9 April 2005, Volume
FORMER YUGOSLAVIA AND POPE JOHN PAUL II.
It was only natural that the first Slavic pope attracted particular attention in a country whose name translates as "Land of the South Slavs." He was warmly greeted by Croats, Bosnian Muslims, Slovenes, and Albanians on his visits to the region, but he never fully overcame deeply rooted mistrust by the Orthodox towards him as head of the Roman Catholic Church.
News of the death of Pope John Paul II on 2 April brought a stream of condolences and laudatory messages the following day from across former Yugoslavia. Croatian President Stipe Mesic said in Zagreb that the pope was "a proven friend of Croatia and the Croatian people, and an advocate of our right to freedom and independence and our integration with the European family of peoples," RFE/RL's South Slavic and Albanian Languages Service reported. "We will cherish forever his visits to Croatia. The messages he left during those visits as a religious leader and statesman have been and will remain a permanent landmark on our path of development," Mesic added.
Prime Minister Ivo Sanader said that the pope was not only the head of the Roman Catholic Church but also "the leading moral authority in today's world."
The pope visited Croatia in 1994, 1998, and 2003 (see "RFE/RL Newsline," 2, 5, and 9 June 2003). He stressed the same points as he did on his trips to Bosnia-Herzegovina, Slovenia, and Albania, namely the need for forgiveness, reconciliation, spiritual renewal, the protection of life, and promotion of peace. About 87 percent of Croatia's 4.5 million people are at least nominally Roman Catholic, while about 1.3 percent are of Islamic heritage.
The head of the Islamic Community in eastern Croatia's Osijek-Baranja County, Imam Enes Poljic, said on 3 April that "the world has lost its greatest moral authority, the man who worked with great sincerity and dedication to building ties between all religions and religious communities. The Muslims in Osijek had prayed that his suffering be eased and we know that all of us are walking the same path towards the same end."
Mark Sopi, who is the Roman Catholic bishop of Kosova, said in Prishtina on 3 April that Pope John Paul II had shown great interest in solving Kosova's problems and urged dialogue. Kosova's President Ibrahim Rugova said that "the news on the death of the holy father, a great pope who dedicated his life to peace, freedom, and mutual understanding, has deeply saddened me." The president also called the pope "a great friend, a father who prayed much for Kosova. We should pay credit to him for the freedom, independence and democracy of Kosova," he added.
Most Kosovar Albanians are Muslims, but there is an influential Roman Catholic minority. Relations between those two religious groups are generally good, partly because most Muslim Kosovar Albanians are aware that their own ancestors were most likely Roman Catholic before converting to Islam under Ottoman rule.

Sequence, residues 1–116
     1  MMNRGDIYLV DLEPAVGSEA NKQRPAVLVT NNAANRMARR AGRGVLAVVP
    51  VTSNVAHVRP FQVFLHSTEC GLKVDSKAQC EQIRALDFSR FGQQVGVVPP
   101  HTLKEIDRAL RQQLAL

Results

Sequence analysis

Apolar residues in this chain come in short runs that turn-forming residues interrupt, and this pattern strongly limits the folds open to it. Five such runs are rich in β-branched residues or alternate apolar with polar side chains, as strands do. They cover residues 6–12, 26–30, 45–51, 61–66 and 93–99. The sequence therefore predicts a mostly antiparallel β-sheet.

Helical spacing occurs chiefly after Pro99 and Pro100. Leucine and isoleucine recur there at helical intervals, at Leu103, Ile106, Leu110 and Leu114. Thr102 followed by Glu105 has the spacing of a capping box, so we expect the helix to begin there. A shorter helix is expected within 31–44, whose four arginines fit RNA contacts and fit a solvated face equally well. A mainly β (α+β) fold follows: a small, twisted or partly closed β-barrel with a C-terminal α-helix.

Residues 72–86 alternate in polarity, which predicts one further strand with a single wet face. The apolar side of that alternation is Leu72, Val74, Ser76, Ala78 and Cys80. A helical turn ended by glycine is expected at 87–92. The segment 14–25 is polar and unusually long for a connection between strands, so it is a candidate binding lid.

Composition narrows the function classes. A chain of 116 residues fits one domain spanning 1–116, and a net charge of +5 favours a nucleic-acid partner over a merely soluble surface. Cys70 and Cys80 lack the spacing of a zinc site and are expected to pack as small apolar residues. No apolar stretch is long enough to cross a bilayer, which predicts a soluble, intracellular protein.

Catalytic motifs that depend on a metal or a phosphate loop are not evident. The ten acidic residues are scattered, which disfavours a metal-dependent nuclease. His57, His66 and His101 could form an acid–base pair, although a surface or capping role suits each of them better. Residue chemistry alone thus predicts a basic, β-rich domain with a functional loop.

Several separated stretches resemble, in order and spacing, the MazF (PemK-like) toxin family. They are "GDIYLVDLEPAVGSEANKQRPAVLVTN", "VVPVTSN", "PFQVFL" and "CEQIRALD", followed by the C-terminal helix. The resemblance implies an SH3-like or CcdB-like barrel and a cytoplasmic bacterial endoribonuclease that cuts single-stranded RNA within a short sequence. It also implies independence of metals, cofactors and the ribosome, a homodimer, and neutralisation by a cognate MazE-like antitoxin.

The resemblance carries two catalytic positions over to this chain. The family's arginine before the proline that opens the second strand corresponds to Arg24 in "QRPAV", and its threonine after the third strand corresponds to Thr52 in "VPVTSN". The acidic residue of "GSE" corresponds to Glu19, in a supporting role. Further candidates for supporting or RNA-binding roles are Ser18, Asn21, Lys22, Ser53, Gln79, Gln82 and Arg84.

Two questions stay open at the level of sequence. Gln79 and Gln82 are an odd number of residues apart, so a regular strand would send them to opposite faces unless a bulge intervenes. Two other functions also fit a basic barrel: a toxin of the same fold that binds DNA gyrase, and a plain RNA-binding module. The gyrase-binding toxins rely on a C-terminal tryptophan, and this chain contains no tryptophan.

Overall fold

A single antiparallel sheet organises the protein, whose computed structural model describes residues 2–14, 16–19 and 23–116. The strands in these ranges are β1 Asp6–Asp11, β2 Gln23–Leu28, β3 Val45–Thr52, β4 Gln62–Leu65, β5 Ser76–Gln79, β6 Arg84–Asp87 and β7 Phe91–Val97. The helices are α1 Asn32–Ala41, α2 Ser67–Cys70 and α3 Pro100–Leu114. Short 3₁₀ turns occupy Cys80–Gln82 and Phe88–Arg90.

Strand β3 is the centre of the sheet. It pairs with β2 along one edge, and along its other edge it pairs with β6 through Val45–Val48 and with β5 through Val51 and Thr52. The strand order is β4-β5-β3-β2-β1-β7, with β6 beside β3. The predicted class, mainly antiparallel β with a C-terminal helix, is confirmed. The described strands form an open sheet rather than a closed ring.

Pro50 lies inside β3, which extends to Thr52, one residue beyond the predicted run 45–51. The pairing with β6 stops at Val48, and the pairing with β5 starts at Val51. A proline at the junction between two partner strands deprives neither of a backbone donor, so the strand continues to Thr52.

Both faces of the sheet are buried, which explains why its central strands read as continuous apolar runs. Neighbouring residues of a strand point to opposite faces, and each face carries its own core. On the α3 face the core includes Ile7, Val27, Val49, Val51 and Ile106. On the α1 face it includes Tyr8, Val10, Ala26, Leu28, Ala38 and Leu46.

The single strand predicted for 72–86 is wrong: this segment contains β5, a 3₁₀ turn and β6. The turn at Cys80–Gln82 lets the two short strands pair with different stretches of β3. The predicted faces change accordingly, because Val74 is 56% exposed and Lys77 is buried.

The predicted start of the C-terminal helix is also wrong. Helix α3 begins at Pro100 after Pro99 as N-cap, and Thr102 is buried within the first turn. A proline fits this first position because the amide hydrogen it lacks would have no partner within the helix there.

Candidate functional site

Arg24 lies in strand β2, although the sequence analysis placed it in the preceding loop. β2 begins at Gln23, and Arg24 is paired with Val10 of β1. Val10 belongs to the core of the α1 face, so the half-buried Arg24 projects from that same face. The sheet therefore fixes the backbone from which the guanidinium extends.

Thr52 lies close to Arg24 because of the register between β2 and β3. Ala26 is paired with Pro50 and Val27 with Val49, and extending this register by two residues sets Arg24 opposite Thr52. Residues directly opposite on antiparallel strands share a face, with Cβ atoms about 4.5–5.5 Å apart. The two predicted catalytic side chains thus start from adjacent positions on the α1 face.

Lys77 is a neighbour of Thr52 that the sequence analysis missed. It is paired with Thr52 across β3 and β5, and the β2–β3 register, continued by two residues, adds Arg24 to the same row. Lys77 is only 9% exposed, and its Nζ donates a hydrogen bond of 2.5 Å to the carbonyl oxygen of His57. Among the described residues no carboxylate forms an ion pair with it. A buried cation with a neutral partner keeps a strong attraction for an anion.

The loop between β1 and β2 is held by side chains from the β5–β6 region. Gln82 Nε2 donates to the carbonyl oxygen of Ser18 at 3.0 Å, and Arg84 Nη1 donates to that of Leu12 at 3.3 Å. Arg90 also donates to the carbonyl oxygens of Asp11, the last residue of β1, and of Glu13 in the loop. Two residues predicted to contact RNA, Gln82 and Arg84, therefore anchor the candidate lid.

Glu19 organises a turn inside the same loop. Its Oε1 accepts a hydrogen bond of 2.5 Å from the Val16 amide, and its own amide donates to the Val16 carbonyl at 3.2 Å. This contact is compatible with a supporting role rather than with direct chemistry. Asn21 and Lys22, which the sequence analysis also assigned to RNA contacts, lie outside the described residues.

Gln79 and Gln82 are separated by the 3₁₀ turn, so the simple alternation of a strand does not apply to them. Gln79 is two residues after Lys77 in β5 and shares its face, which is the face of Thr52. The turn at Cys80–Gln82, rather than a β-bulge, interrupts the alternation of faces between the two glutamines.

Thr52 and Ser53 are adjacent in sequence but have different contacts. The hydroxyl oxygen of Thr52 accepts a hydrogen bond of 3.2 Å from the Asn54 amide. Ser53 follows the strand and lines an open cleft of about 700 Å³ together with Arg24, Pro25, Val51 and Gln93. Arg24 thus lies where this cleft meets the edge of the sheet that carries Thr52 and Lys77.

In Bosnia-Herzegovina, Cardinal Vinko Puljic, who is the first cardinal in Bosnia's history, said in Sarajevo on 3 April that Pope John Paul II served as a bridge between religious faiths. "We can rightfully say that he was a great pope, certainly the man of the century and the man who led the Church from one millennium into another," he added.
Borislav Paravac, who is the Serbian member of the Bosnian Presidency and its current chairman, called the pope a true friend of Bosnia and the entire world.
Reisu-l-ulema Mustafa Ceric, the head of Bosnia's Islamic Community, said that "Pope John Paul II's departure from this world leaves a huge void. It will be difficult to find such a moral figure." The Sarajevo daily "Oslobodjenje" noted that on his 1997 visit to Bosnia, the pope said that "one should be able to ask forgiveness and to forgive."
The pope also visited Bosnia in 2003, when Serbian Orthodox officials gave him a chilly reception in the Republika Srpska (see "RFE/RL Newsline," 23 June 2003). Bosnia's 4 million people are estimated to be about 40 percent Muslim, 31 percent Serbian Orthodox, and 15 percent Roman Catholic.
In Belgrade, Serbian Orthodox Patriarch Pavle sent a message on 3 April in his name and that of the church to the Roman Catholic clergy and believers in which he wrote that he shares their grief and hopes that the soul of the pope may rest in peace. Serbian President Boris Tadic and Prime Minister Vojislav Kostunica also extended their condolences.
Serbia and Montenegro is one of the few countries that Pope John Paul II was unable to visit during his reign, reportedly due to the opposition of the Serbian Orthodox Church (see "RFE/RL Newsline," 4 June 2003). About 65 percent of the country's 10.8 million people are Orthodox, while only 4 percent are Roman Catholic, mainly in Vojvodina and Montenegro's Kotor Bay region.